It is important to select tasks carefully and set them up effectively. Another teacher he had seen had enabling and extending prompt cards in their pocket to hand out to pupils when doing problem solving. This meant that he could pop the card down and a pupil could begin to access something which may help them to think about solving the problem in a more lateral way, or extend their understanding.
Another point was it is important to allow pupils to talk privately, and also publicly. So allowing pair discussions before opening out to the class for discussion makes pupils more confident in contributing, this means if they are unsure, you can just ask what their partner had said and the pressure is alleviated slightly.
Finally, pupils do really like to demonstrate their own work and how they’ve attempted a problem. However, pupils do not like to listen to others, therefore it is important to ask pupils after to add to what has been demonstrated, repeat it, do they agree, disagree and to explain in their own words, helping them to take it in and engage another pupil’s explanation.
Speed Dating Resources
Admittedly I forgot about this until 2am the night before. The first resource I thought to share were my times table grids – I have laminated, completely times table grids, particular for use with lower ability groups, helping them to think about the problem at hand and use their working memory for that rather than struggling with it. My second idea to share was my padlock lessons, (I shared these last time too), you have a set of questions on the board. Each one is one number of the combination padlock. When they have the answers, they unlock the padlock to get another set of questions which will unlock the next padlock. In total there are 5 padlocks, and as many questions as you like (you can put on provisos such as the 3 lowest answers of 6) and it’s a competition to get to the end first.
Mr Taylor told me about his whole school academic sports day equivalent, where one year group at a time competes in an academic competition, his words were “sports day for the kids who can’t do sports”. I thought this sounded so fun! I bet the kids really get into it. I might see if I can set something similar up in my school 🙂
The second resource someone shared with me (I didn’t catch your name I’m sorry!) was homeworks that are set across the department (originally designed for Year 11s), which have a number of topics on and also include the mathswatch video clip number, that way no pupil can say they’re confused as an excuse for not doing homework. A great idea 🙂 I also liked the idea for the fact it was standardised homeworks, so that everyone is doing similar things, and it takes away additional question finding 🙂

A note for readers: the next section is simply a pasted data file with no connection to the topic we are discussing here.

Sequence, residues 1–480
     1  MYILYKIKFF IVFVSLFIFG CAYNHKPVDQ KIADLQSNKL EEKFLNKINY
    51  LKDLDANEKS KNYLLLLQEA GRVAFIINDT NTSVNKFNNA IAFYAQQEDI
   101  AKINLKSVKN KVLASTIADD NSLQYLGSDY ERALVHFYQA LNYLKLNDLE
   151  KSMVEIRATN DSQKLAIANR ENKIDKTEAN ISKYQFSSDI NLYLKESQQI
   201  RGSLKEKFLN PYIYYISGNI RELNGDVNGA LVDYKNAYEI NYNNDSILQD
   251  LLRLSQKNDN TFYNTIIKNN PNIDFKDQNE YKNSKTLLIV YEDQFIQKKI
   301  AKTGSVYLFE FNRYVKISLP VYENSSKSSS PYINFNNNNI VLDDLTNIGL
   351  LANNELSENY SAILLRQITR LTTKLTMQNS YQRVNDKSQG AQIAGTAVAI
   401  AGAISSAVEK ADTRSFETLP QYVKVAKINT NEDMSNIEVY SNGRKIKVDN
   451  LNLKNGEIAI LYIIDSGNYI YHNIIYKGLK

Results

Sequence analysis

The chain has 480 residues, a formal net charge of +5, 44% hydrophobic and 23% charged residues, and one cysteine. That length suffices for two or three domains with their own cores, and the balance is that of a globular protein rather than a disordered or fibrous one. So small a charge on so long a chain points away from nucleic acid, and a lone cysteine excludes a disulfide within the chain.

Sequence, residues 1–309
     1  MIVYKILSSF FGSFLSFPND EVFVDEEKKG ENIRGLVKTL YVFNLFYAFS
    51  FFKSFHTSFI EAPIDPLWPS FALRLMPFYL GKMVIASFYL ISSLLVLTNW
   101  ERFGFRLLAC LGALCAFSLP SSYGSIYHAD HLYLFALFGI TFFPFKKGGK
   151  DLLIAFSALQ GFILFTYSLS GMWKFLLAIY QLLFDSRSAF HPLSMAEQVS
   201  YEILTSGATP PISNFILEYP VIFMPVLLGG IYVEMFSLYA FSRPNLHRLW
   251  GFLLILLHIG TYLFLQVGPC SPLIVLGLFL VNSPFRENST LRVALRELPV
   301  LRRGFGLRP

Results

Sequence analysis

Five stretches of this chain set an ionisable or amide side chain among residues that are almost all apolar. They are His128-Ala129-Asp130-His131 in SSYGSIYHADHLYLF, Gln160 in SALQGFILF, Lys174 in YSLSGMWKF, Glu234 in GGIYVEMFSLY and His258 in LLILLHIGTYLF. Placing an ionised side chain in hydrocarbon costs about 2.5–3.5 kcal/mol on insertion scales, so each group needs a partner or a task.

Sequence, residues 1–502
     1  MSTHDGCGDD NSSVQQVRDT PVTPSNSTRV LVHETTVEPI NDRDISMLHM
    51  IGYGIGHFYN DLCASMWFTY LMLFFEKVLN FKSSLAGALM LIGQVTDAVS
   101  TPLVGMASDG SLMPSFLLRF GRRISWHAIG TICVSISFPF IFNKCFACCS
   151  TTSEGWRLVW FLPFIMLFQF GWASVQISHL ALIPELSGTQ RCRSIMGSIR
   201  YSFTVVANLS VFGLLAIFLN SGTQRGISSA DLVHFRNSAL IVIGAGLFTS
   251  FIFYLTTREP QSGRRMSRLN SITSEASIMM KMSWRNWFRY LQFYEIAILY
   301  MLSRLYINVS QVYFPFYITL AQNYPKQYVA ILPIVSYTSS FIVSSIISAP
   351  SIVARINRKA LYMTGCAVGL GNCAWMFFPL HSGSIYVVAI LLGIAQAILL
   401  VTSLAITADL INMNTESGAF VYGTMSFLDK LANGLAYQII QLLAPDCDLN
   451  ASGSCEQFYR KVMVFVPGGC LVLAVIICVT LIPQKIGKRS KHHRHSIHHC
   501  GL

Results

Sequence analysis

The last resource came from Janet, who told me about using a slide situation for decimals, they cut out a piece of paper with the decimal point and then they can a number behind it to see that the numbers stay in the same order, etc. She also told me about Numeracy Ninjas, which I still have to look at but sounded great for low ability!
Can Technology Make A Difference? Douglas Butler – @douglasbutler1
I was quite mindblown by this to be honest! Firstly it was about A Level type work so perhaps I should’ve prepared myself! He was telling us about the different things available on www.tsm-resources.com and then demonstrating the cool things you can find on Google Earth. On Google Earth he showed us where the world’s biggest hexagon was, the world’s biggest hexagon and parabola! (All genuine things you can see on the satellite images)
He told us all about how the numbers on runways come about (bearings so you know!).
Douglas told us about a cool tool called Jing, which records your computer screen and even your voice as you explain what you’re showing. Too cool.
Most of all he demonstrated how to use Autograph, something I haven’t actually used yet, but now I’ve seen how amazing it is I intend to use it almost all the time!
My two favourite demonstrations were looking at a 3D graph of Pythagorean triples, and also looking at derivatives of y = x n onto y = 1/x. Really cool, seriously. You should’ve been there, I cannot possibly give it the justice it deserves.
Developing Problem Solving Skills – Dominic Hudson – (no Twitter!)
Dominic started us all off considering
“What do you want pupils to be when they leave school?”
Answers ranged from Problem solvers, resilient, enthusiastic about maths and then thinking about what we do to enable that to become the reality rather than the intention.
We looked at the difference between traditional maths questions and the non-routine ones that are now our problem solving work. A good way to cope with our new problem solving intentions is more to embed the concepts within the problem solving, allowing even more time for problem solving and investigations 🙂
He discussed bolt-on maths. I’m not sure what this is… It sounded as if it could be a set of resources maybe? (If you’re in the know please let me know! I could just be being inexperienced and it could be a term I haven’t heard before).
At Dominics school, they give 2 weeks for Year 7 to all have a go at the same problem, so it’s a good length and activities can then span all abilities.
Strategies in the classroom to begin the problem solving activities are:
2 mins at the beginning to silently read through
5 mins to turn the sheet over, and recall to partners what the problem was (I imagine this then leads to a good discussion about how they can begin solving each part)
After the 5 mins, discuss as a class
Then allow silence to write down how they are going to begin attempting the problem.
He handed out some cool problem solving activities such as he uses:
They also use a form for pupils to fill in if they’re struggling – asking what are they doing, why are they doing it and what will they do next? They can also look at their partners work and answer the same questions.
My notes have not done the session justice at all. Dominic was really interesting to listen to, so I must’ve just been distracted! Apologies…